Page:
I thought it was really well done and even though there were more opinions given from inside the church then from outside I think it seemed like a really fair portrayal. Everyone came off looking very smart and it was very clear that parts of the history still haunt modern believers. I walked away with the impression of Joseph Smith as someone whose religious fervor started out from a very honest place but by the end he believed in himself more than the religion (a common practice for leaders in my opinion, i.e. Jim Jones). For me that fact doesn’t devalue the earlier teachings of a leader so I still can respect the religion as a whole. (by the way this was my own person interpretation – the series did not imply this at all). The figure that was really interesting to me was Brigham Young b/c he wasn’t really a religious figure (or all that charismatic) and he struggled with some of Smith’s prophecies and was still able to command the community’s attention.

    The funniest part to me was when they talked about polygamy. They showed the mainstream saying that there is no such thing as “fundamentalist Mormonism” so anyone who practices polygamy isn’t really Mormon and then they had a polygamist family talking about how it was a prophecy of Smith’s and you can’t undo a prophecy so they are practicing the religion correctly. It was heart-breaking to hear the first wife of the family talk about her struggle to share her husband. But I almost started laughing out loud when after they claimed they were doing this b/c it was Smith’s doctrine they were shown eating dinner and DRINKING WINE!!! Isn’t that going against a main tenant of Mormonism? I was almost convinced that polygamy in their minds was really a religious institution instead of just about male domination and then I saw that and realized they are just picking and choosing like everyone else.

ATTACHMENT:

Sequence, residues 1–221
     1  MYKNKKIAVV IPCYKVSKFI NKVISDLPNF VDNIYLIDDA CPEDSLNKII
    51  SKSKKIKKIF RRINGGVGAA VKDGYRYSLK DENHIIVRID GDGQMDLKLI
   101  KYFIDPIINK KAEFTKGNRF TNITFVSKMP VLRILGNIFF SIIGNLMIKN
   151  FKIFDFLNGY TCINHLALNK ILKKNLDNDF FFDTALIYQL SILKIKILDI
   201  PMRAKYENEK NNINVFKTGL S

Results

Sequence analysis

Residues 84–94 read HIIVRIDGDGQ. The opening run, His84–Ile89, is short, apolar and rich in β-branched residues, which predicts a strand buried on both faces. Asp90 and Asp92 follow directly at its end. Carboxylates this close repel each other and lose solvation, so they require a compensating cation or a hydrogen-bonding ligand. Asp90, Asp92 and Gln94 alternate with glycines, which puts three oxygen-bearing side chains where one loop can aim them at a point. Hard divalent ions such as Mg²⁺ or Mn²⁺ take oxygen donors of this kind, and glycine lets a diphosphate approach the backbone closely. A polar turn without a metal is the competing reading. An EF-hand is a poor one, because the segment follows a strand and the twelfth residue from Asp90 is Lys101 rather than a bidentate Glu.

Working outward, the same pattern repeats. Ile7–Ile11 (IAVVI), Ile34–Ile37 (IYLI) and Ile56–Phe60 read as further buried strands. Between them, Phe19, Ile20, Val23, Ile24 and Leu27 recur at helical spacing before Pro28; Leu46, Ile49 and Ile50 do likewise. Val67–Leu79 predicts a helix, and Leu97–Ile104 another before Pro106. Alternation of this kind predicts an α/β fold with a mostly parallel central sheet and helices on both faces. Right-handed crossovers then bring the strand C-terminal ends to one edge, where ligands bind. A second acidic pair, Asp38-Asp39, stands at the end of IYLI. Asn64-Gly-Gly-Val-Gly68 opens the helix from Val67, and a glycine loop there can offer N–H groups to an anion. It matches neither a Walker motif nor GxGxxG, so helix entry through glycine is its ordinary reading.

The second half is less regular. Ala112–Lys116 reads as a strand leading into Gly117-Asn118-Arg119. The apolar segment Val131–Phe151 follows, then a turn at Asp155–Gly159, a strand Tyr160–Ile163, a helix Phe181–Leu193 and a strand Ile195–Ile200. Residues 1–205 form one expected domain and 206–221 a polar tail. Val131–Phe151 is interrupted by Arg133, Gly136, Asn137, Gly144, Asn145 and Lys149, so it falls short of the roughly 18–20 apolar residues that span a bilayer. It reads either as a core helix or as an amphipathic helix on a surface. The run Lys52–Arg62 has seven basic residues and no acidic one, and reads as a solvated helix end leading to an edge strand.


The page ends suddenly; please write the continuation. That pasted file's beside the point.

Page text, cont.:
Anyway, interesting. She doesn’t think JSJ would have poisoned all our pioneer forebears she just thinks that Jim Jones had good intentions and then went crazy as a result of being at the top.

  106. John Williams says:

    I thought that the two modern-day plural wives featured at the end of the documentary were surprisingly normal in appearance, dress, and speech. Their husband seemed jarringly normal in appearance when he shared some comments in the doc. I didn’t get the Warren Jeffs / Tom Green vibe.

  107. Ronan, I “amen” your analysis completely. I have a comment/question: There seemed to be very little talk of a Mormon belief in Christ. Do we think that’s because it’s not interesting to outsiders or unique to what this documentary is trying to demonstrate? There of course was a lot of emphasis on the Prophet Joseph, but not so much on his “restoration” of the gospel of Jesus. I did enjoy the treatment of Joseph’s unique view of the Godhead and our potential to become as God is…

  108. John Williams says:

    re 109,

    Did Joseph Smith-era Mormons emphasize Christ as much as present-day ones do?